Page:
Course Sample RW3

This sample gives you an understanding of how down-to-earth and teacher-friendly our courses are. There are nine lessons in this valuable course.

Like you, we are teachers who work in today’s classrooms with today’s children. We know you want to courses that will help you deal with day-to-day classroom issues. That’s exactly what we have to offer today’s busy teachers.

Thank you for taking time to review this material. Barbara & Sue

Systematic Activities to Boost Writing Skills

What’s Ahead in this Lesson?

In this lesson, you’ll learn ways to involve children in the process of generating ideas and brainstorming before writing. Then, you’ll work together to turn words and ideas into well-crafted sentences. Writing is a risk-taking activity for children—writing together is a wonderful way to support and nurture young writers. In this lesson, you’ll learn ways to boost confidence in young writers and get the writing going in your classroom.

Introduction

Every teacher has heard the words “I can’t think of anything to write!” This lesson will show you how to teach children how to generate ideas for writing.   Writing together provides an opportunity to model writing and teach skills. It does not produce individual papers for you to correct. Best of all, it teaches children how to think about writing before they pick up their pencils. You and your students write together which is the most effective way to teach the process of writing.

We are Writers!

Writing together is a valuable activity with so many benefits.

  • It bonds the class and provides opportunities for teachers to demonstrate how words and ideas into written sentences and paragraphs.
  • Writing together is a simple three-step activity that teaches children how to approach writing so they can be successful writers.
  • It is an interactive activity with a high level of participation by all students that is perfectly-suited for all grade levels.

How to Write Together with your Class

Step 1:  Gather children together to talk about the topic you plan to write about. The more you and the children talk about the topic, the easier the writing will be. The topic can be a story which children just heard or read. It can be based on class experiences such as special projects, visitors or field trips. The discussion produces a variety of ideas and triggers additional ideas about the topic so the writing is not a struggle. In other words, it’s a lively brainstorming session that “warms up” writers. During the discussion, jot words and phrases on charts or the board. Words are written in large print so they can be read easily. Tell the class you will write many words and ideas during the discussion so they can be used for writing. Remind children that all the words and phrases listed during the discussion do not have to be incorporated into the written work.

Step 2: Now that you have generated words and ideas about the topic, you are ready to write. During writing together activities, you do the actual writing on a large piece of paper or the board. It is important to write large so the words and sentences are easy for everyone to see and read. We recommend using chart paper and bold marking pens for writing. After the discussion, ask children, “How can we put these ideas into sentences we can write?” When a child suggests a sentence, or when you create a sentence, write it on the board first. Then, read it aloud and reread it. You might have students read it aloud in unison. Ask the class for suggestions to make the sentence more interesting. For example:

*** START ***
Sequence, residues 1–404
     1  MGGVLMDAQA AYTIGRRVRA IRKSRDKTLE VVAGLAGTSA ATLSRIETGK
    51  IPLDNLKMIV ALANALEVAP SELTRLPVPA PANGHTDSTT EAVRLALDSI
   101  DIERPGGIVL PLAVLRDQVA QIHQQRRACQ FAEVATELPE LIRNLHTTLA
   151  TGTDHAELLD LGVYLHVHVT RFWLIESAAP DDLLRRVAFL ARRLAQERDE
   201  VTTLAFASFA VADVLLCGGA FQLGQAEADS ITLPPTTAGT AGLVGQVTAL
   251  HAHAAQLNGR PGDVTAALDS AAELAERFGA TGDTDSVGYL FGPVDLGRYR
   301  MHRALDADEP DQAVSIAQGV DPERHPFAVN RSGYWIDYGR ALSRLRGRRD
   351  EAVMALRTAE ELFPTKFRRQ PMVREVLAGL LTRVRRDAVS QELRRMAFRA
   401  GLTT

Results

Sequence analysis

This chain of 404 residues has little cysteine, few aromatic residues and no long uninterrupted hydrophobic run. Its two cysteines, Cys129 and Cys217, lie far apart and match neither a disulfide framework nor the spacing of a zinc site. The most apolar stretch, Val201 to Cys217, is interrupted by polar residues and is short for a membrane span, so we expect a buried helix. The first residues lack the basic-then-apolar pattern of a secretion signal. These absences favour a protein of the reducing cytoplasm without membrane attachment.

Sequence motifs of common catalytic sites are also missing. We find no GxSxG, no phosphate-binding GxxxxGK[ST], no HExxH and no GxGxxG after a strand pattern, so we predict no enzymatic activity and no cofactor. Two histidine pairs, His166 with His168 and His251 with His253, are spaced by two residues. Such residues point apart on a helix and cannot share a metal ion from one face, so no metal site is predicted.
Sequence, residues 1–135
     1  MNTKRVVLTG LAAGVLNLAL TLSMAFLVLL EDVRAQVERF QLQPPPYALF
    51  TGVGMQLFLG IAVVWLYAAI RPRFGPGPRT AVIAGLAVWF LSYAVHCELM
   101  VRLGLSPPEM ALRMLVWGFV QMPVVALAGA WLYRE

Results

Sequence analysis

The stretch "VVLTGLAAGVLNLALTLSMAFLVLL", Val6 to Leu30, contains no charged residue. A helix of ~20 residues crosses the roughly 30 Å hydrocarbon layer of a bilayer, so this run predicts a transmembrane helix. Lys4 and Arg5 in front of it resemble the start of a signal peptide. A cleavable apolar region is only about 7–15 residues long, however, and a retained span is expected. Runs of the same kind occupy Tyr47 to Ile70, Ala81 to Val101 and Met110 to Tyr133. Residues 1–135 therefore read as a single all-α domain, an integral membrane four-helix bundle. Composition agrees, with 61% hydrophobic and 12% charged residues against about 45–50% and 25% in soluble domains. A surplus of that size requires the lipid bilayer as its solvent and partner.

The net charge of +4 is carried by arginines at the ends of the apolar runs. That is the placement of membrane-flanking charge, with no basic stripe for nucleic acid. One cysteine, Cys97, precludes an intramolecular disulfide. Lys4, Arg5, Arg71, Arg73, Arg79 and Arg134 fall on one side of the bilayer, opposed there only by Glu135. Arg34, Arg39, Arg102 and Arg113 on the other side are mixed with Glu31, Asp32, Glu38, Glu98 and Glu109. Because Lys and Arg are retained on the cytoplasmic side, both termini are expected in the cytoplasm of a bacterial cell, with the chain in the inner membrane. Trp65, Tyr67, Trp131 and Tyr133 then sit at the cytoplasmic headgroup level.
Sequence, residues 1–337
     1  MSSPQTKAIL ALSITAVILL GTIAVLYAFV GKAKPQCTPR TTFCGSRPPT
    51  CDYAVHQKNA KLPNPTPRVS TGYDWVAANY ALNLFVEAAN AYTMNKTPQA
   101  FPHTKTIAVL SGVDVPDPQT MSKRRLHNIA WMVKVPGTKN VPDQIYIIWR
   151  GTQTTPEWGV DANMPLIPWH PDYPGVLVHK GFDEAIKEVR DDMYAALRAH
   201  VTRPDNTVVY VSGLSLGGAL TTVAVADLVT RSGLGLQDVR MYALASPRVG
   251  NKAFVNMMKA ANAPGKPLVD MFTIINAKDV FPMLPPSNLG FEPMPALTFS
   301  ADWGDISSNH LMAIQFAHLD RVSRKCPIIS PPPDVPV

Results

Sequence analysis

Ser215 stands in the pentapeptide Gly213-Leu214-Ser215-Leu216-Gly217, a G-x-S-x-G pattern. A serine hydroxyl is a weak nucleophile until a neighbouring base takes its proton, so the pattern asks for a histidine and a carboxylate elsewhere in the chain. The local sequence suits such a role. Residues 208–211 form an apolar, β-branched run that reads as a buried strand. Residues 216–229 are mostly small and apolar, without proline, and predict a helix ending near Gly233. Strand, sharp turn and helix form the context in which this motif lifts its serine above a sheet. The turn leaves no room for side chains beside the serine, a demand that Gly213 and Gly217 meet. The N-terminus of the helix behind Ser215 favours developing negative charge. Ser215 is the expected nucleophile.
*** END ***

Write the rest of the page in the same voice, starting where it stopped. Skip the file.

• “I’m not sure this is the best word for us to use? Can anyone think of a different word that might work?”
  • “This sentence is very long. Let’s try breaking it into two sentences. How should we do that?”
  • “If we don’t like this sentence, we can just erase it and not use it. We can always think up a different, new sentence that is better.”

After working together to improve sentences on the board, write them on chart paper.

During writing together activities, you and children work together to create sentences that you record. Then, you can read the finished writing aloud and have the class reread it aloud in unison. As you write sentences together, weave in mini-lessons on punctuation, capitalization, contractions, possessives, and other word skills.

Step 3: Read and enjoy rereading writing together activities. Display writing together activities so they can be reread by the class, by reading partners and individual students. Have writing together activities on display during parent meetings and school functions.

The benefits of having your whole class work together on writing activities are enormous. Teachers can:

  • use think-aloud strategies to model how we think and talk before we write
  • show how talking helps us generate ideas for writing
  • demonstrate using words and phrases as jumping off points for writing interesting sentences
  • incorporate mini-lessons on spelling, word skills, grammar, punctuation and capitalization
  • model how sometimes everyone has difficulty coming up with the best words to use and  everyone occasionally gets “stuck” and needs ideas
  • change words and sentences to improve clarity and expression
  • build a climate of trust with students
  • link oral language, writing and reading.

Children learn that:

  • thinking and talking precedes writing
  • it’s a good idea to make a list of ideas before writing sente……

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